Emily says she can identify three romances that died because of her money. “People run away from it. They don’t want to be seen as gold-diggers. It’s a responsibility to marry somebody with money.” Other suitors suffer from fewer scruples. “I know so many heiresses who’ve had three or four husbands. They’ve been paid off one after the other,” says Weller. It’s not a new problem. As John Dryden observed in the 17th century, “All heiresses are beautiful.”
Inheritance can improve relationships as well as damaging them, perhaps because money can help rub the sharp edges off life. Richer people can, of course, buy more expensive things; and more expensive things are by and large more beautiful, more comfortable or better-tasting. More money makes life more pleasant. That may help explain why the divorce rate is lower among the rich than the poor. Merryn Somerset Webb, editor of MoneyWeek and author of “Love is Not Enough: A Smart Woman’s Guide to Making (& Keeping) Money”, says that while she knows several people whose lives have been ruined by inheritance, she also knows plenty whose lives have been greatly improved by it. The best-off, she reckons, are those who have inherited money but stuck it out in employment. “They live the same life that I do, but a better life.”
David Goodhart, a former Financial Times journalist, inherited a million dollars or so, which allowed him to found Prospect, a highbrow current-affairs magazine. “The money has done its duty. It allowed me to start an enterprise.” He is probably poorer than he would have been if he had stuck with salaried employment and left his inheritance in the bank; but intellectual debate in Britain is richer.
Goodhart is the embodiment of Buffett’s much-quoted dictum that you should leave your children enough to do anything, but not enough to do nothing. “The really great thing about inherited wealth,” says Alex Scott, whose family sold an insurance company in 1994, and who now runs Sand Aire, a multi-family office which invests his family’s money as well as others’, “is that it frees you up to do things you wouldn’t otherwise have done. I wish I’d realised that when I was 16.”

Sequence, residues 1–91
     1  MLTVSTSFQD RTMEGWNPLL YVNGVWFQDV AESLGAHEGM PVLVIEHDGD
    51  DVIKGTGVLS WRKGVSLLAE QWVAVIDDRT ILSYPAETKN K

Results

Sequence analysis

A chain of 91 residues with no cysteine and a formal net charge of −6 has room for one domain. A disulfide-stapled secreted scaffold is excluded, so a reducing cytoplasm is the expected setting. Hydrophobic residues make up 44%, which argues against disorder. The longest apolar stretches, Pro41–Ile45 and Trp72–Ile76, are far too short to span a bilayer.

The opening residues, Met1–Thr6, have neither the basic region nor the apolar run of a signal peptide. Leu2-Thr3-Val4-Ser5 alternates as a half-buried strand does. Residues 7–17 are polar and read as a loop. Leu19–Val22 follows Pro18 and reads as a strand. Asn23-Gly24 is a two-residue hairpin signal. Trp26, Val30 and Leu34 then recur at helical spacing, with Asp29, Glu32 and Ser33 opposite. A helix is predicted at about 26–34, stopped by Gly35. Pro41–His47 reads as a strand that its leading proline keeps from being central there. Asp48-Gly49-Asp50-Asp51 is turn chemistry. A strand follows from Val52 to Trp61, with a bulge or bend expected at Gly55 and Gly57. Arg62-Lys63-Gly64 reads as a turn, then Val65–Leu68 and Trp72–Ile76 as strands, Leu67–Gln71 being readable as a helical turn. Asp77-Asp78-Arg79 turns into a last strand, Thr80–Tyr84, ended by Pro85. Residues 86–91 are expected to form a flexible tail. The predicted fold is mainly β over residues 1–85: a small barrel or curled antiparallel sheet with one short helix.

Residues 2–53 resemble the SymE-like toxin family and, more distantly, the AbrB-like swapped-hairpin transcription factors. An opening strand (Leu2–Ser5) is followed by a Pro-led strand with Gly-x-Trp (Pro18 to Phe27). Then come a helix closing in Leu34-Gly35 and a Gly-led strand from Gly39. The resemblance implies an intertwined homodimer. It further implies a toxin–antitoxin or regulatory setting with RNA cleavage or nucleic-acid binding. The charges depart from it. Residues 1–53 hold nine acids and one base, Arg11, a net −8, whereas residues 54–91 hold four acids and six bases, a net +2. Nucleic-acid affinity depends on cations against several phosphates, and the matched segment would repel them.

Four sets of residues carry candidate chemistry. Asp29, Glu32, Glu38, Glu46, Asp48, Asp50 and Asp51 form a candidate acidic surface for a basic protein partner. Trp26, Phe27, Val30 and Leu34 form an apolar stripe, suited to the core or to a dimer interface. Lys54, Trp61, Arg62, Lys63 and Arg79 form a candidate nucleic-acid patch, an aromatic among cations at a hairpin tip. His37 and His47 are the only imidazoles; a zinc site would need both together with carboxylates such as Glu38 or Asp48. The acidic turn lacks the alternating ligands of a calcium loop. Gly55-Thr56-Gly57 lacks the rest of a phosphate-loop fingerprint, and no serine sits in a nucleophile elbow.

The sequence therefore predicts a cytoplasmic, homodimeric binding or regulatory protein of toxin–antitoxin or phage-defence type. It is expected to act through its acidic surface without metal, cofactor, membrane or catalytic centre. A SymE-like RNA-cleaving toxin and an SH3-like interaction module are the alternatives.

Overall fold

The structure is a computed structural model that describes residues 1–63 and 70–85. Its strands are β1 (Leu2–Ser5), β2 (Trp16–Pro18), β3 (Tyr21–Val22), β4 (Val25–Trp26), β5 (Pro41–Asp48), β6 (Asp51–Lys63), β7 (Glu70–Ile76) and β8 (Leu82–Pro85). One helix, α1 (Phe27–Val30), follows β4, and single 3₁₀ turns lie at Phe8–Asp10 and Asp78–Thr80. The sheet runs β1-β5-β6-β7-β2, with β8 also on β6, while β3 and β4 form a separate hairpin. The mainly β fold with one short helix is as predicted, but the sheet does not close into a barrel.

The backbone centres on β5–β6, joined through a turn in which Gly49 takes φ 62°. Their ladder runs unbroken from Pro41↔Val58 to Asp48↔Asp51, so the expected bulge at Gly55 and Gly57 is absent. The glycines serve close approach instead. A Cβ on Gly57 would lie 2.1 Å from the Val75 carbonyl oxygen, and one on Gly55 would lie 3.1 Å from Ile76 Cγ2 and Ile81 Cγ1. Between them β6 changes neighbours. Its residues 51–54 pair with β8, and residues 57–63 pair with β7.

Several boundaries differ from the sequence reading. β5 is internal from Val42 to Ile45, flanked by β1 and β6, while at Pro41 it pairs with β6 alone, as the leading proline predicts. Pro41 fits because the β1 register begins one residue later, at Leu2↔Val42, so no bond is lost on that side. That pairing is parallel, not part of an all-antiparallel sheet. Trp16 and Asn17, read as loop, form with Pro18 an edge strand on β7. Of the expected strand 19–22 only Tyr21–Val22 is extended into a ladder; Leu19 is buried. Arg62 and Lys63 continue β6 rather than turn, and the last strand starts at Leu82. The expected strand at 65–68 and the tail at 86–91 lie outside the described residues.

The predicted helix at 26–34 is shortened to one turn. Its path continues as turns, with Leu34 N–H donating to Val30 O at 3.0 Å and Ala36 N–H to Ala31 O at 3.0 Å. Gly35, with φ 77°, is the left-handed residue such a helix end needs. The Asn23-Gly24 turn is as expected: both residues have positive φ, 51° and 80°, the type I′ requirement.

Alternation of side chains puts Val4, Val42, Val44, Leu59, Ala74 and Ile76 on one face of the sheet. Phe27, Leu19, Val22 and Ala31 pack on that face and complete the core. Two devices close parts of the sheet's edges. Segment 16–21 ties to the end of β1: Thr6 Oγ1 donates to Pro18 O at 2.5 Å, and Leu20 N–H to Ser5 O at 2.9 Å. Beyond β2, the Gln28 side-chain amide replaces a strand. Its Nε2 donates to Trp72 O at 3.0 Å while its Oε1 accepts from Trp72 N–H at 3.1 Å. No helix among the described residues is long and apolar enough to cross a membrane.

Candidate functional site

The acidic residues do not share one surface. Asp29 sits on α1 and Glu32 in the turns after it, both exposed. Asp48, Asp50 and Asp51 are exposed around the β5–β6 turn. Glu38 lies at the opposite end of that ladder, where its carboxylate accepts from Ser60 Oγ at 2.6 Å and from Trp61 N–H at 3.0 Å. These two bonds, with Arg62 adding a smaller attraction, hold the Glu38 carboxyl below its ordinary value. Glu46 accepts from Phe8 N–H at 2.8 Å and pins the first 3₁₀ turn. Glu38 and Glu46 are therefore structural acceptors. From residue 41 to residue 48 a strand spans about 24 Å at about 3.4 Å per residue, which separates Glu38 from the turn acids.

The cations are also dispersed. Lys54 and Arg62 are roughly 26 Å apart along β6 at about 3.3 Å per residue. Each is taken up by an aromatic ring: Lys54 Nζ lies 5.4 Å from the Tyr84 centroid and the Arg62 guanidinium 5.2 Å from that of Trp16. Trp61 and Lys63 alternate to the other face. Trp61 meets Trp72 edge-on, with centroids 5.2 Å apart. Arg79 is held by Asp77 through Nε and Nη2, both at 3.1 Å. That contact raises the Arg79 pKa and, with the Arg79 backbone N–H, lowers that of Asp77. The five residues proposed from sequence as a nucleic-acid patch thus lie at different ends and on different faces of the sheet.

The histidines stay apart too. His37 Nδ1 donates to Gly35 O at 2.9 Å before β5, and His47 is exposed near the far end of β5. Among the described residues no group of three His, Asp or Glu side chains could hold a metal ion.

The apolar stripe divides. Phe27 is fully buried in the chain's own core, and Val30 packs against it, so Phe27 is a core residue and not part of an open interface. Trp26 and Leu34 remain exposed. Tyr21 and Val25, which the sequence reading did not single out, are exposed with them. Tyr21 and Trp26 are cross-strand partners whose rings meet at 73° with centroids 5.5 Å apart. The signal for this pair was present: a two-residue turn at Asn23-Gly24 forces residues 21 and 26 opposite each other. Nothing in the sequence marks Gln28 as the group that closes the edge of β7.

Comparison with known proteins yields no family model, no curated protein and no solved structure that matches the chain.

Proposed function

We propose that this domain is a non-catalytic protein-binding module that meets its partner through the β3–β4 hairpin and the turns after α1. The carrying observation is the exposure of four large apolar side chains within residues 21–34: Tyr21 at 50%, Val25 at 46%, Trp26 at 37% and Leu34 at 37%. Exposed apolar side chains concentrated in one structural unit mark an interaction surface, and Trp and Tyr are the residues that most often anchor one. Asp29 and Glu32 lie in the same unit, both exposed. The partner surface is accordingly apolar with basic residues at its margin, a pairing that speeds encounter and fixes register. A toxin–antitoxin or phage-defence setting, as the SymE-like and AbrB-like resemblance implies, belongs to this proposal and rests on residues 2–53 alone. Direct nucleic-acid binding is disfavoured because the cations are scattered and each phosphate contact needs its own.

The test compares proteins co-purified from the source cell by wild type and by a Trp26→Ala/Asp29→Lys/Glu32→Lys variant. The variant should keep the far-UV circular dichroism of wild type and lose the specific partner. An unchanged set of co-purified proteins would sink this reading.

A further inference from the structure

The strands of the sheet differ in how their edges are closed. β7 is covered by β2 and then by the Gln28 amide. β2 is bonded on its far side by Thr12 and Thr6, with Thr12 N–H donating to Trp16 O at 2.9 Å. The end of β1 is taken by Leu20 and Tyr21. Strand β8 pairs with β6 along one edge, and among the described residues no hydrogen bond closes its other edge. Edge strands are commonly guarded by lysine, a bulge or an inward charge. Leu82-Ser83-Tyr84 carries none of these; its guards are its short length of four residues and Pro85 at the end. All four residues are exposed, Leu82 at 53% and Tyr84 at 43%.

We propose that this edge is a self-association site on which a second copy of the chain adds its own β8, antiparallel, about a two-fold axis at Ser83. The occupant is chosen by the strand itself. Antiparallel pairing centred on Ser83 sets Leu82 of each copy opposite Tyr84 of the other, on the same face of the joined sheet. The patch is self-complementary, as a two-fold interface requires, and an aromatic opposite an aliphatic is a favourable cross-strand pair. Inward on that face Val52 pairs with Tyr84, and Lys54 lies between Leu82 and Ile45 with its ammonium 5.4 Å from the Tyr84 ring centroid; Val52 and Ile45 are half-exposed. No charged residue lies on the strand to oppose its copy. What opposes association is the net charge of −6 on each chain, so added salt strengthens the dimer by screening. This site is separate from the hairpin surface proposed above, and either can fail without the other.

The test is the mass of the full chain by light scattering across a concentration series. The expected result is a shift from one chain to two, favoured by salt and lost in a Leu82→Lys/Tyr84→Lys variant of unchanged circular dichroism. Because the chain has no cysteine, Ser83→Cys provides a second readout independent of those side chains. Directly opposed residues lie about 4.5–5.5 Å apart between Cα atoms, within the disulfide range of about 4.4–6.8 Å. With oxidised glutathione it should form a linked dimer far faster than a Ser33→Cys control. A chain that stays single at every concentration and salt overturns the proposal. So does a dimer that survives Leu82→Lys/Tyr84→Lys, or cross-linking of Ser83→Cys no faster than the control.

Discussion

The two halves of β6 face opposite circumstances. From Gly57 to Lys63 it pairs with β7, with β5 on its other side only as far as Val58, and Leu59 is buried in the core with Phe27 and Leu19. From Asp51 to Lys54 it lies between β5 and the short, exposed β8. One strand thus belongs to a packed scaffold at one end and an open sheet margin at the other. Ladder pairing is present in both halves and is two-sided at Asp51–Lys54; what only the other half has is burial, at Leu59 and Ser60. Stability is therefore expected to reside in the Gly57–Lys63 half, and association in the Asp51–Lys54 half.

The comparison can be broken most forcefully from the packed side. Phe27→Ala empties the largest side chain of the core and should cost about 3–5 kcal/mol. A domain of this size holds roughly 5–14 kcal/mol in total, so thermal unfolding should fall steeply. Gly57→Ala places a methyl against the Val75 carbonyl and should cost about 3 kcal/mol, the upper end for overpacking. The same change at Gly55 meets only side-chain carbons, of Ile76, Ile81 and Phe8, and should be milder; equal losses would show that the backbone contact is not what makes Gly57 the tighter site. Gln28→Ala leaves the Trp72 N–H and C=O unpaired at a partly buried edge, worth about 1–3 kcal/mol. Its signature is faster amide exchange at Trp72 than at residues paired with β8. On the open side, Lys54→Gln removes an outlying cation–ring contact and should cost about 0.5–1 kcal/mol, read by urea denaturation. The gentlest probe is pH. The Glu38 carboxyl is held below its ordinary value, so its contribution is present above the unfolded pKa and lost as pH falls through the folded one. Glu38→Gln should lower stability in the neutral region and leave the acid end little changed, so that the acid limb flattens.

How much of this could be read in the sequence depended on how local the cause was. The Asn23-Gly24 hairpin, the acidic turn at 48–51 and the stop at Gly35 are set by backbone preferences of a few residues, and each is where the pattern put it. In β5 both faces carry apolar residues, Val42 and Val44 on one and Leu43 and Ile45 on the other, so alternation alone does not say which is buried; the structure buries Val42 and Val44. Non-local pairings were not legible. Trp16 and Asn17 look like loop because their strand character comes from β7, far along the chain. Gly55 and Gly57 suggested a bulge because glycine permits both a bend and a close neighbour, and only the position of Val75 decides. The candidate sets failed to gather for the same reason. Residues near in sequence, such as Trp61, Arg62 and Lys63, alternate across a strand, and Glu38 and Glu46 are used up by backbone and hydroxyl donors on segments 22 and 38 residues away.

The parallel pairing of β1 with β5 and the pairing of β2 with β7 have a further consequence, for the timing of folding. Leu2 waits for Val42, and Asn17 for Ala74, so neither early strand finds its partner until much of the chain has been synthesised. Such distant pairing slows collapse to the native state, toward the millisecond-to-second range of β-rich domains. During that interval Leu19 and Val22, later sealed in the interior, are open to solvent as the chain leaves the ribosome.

A cushion of inherited cash allows people to opt for careers-typically, in the arts, academia, social work or NGOs-that they might otherwise have spurned in favour of a job with a cushier lifestyle. The inheritance allows them to follow their heart without sacrificing their comfort. Alternatively, the cushion may lie there, unspent, as security. “I’m risk-averse,” says Richard, a scientist with an inherited million discreetly in the background. “The money has enabled me to take career risks that I wouldn’t otherwise have taken.” He lives modestly; he has no car; he holidays in a cottage in Wales without electricity; luxuries do not interest him. “The ultimate luxury is the knowledge that money doesn’t matter.”
Others use their inheritances to subsidise start-ups. Johnnie Boden got an unexpected legacy at just the right moment. “I was 27. I’d tried every job in the City and realised that I was no good at any of them. I made a lot of mistakes with some of it. But at the same time I met a girl who became my wife, who told me to get on with it.” He got on with using it to build a mail-order clothing business that he founded in 1991 and which now employs 700 people. According to Somerset Webb, he is the rule, not the exception: “the great majority of entrepreneurs we write about have some money somewhere behind them.”
Virginia Woolf offers the strongest defence of inheritance as a fuel for intellectual and artistic creativity in her short book, “A Room of One’s Own”. It is based on two lectures given at Cambridge University. She had been asked to speak about women’s fiction, but the book is mostly about money. In order to write, she said, a woman needed Â£500 (Â£20,500 today) a year and a room of her own. She knew this from experience.
My aunt, Mary Beton, I must tell you, died by a fall from her horse when she was riding out to take the air in Bombay…I found that she had left me five hundred pounds a year for ever…Before that I had made my living by cadging odd jobs from newspapers, by reporting a donkey show here or a wedding there; I had earned a few pounds by addressing envelopes, reading to old ladies, making artificial flowers, teaching the alphabet to small children in a kindergarten. Such were the chief occupations that were open to women before 1918. I need not, I am afraid, describe in any detail the hardness of the work, for you know perhaps women who have done it; nor the difficulty of living on the money when it was earned, for you may have tried. But what still remains with me as a worse infliction than either was the poison of fear and bitterness which those days bred in me. To begin with, always to be doing work that one did not wish to do, and to do it like a slave, flattering and fawning, not always necessarily perhaps, but it seemed necessary and the stakes were too great to run risks; and then the thought of that one gift which it was death to hide-a small one but dear to the possessor-perishing and with it my self, my soul-all this became like a rust eating away the bloom of the spring, destroying the tree at its heart. However, as I say, my aunt died; and whenever I change a ten-shilling note a little of that rust and corrosion is rubbed off; fear and bitterness go…My aunt’s legacy unveiled the sky to me.